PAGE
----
Angus MP Mike Weir has supported a call for the installation of a vital safety feature on quiet hybrid and electric vehicles to keep pedestrians safe.
He was amongst a large number of Members of Parliament who attended a reception at the Houses of Parliament last Wednesday to back Guide Dogs’ call to install artificial noise generators on quiet vehicles.
Research shows that some quiet vehicles cannot be heard until one second before impact and, in certain conditions, are more likely to be involved in a collision with a pedestrian than conventional vehicles.
Guide Dogs held the reception, at which Transport Minister Norman Baker spoke, to highlight the charity’s concerns about the safety implications of vehicles that cannot be heard.
Afterwards, Mr Weir commented: “I am pleased to support the Guide Dogs campaign. The organisation has a long association with Angus and trainee guide dogs are a common sight in Angus towns.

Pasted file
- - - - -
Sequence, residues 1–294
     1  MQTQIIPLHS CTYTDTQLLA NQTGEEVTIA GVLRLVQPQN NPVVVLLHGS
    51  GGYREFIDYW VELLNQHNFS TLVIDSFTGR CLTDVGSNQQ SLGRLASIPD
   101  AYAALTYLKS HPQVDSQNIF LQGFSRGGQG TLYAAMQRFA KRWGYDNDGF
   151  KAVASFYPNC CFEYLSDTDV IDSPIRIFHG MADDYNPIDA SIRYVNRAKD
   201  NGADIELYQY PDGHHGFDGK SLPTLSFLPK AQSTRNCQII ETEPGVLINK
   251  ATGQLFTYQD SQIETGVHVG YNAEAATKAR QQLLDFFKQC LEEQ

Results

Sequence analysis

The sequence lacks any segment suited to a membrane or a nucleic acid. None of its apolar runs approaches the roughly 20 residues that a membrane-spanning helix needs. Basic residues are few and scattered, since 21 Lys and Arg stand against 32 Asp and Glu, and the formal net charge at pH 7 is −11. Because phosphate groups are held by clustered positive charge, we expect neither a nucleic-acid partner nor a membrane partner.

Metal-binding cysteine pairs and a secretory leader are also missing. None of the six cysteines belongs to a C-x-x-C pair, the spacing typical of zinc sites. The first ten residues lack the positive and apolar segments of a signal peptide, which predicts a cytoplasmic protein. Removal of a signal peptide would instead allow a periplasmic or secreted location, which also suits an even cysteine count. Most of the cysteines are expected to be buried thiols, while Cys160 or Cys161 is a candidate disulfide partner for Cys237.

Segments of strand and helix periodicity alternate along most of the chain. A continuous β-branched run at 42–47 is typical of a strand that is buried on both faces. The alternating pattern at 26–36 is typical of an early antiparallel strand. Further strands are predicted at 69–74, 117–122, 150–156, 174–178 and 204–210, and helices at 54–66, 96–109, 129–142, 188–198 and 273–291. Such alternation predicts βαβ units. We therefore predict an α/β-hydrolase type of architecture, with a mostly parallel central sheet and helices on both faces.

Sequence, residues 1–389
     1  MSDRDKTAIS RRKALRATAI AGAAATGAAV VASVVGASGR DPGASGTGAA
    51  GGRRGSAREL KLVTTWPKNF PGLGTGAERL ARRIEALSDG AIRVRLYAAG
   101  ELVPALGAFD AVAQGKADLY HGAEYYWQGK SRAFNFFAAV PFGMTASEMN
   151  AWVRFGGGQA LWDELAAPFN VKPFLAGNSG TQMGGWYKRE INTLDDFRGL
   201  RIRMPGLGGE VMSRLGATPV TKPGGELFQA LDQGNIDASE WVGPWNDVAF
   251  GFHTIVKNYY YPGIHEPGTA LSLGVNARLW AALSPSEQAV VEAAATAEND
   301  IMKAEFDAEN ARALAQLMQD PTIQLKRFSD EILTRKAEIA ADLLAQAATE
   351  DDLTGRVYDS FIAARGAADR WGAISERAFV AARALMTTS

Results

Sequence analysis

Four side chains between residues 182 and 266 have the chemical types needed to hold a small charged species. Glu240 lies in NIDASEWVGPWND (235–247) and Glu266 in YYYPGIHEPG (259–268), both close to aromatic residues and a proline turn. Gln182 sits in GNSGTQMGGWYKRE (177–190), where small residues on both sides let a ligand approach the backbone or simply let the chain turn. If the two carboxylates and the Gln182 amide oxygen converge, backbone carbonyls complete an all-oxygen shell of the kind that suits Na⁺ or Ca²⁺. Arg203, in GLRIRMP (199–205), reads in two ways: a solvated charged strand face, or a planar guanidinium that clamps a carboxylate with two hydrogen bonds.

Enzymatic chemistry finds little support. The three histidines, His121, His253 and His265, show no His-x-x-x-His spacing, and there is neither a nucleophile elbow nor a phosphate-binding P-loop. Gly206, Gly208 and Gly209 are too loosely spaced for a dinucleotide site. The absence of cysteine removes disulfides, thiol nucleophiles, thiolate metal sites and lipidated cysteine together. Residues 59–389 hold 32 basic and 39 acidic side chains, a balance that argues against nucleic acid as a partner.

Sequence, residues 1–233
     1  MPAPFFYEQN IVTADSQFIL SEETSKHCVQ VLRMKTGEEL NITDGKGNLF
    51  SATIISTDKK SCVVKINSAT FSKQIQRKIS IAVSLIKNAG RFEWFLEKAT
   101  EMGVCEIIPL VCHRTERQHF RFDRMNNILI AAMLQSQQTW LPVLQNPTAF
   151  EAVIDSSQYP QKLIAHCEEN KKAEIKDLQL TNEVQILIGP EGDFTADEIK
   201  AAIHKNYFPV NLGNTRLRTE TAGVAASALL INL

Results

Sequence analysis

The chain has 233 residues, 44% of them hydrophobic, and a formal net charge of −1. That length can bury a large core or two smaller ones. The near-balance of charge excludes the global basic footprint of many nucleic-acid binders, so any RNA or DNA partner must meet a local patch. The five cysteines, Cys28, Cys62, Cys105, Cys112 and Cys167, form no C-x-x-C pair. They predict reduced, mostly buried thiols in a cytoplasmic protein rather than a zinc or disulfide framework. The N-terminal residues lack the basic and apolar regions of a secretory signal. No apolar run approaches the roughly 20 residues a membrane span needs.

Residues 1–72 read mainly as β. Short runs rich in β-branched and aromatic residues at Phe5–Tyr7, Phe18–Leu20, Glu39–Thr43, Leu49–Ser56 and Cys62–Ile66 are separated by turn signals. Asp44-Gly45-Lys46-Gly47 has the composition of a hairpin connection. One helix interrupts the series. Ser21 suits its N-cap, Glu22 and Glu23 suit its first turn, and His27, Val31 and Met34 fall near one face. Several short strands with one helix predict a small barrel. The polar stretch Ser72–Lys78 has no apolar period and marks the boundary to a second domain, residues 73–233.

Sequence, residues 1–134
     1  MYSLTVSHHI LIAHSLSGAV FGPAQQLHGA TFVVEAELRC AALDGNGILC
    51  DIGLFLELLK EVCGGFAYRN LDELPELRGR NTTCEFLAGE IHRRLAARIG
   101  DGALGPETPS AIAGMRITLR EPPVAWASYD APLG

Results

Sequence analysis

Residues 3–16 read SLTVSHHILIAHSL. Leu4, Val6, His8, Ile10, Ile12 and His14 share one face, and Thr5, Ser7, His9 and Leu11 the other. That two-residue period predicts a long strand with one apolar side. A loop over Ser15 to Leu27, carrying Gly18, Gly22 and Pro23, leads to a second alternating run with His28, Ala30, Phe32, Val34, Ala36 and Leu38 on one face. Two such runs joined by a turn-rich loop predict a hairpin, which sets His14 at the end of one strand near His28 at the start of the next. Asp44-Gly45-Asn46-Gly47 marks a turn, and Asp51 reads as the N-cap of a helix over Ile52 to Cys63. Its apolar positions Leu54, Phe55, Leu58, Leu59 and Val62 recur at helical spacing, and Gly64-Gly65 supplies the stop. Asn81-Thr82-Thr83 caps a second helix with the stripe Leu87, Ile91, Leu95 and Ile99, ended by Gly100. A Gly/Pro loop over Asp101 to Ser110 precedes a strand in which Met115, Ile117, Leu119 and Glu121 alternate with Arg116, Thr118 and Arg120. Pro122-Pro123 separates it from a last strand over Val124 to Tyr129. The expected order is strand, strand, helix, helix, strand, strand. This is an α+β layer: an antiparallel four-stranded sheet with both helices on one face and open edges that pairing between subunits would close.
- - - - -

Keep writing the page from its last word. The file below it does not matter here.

“As the driver of a hybrid car myself I am well aware of the differences of noise compared to traditional cars and this will increase with the introduction of electric cars.
“It is vital that we take into account the effect that this has on all sections of our population and the campaign highlights a potential difficulty with blind and partially sighted people which must be tackled.”
James White, Guide Dogs’ campaigns manager, said: “As the number of quiet vehicles increases on our roads, we need to ensure they are safe. If you can’t see or hear a car then how do you know it is there?”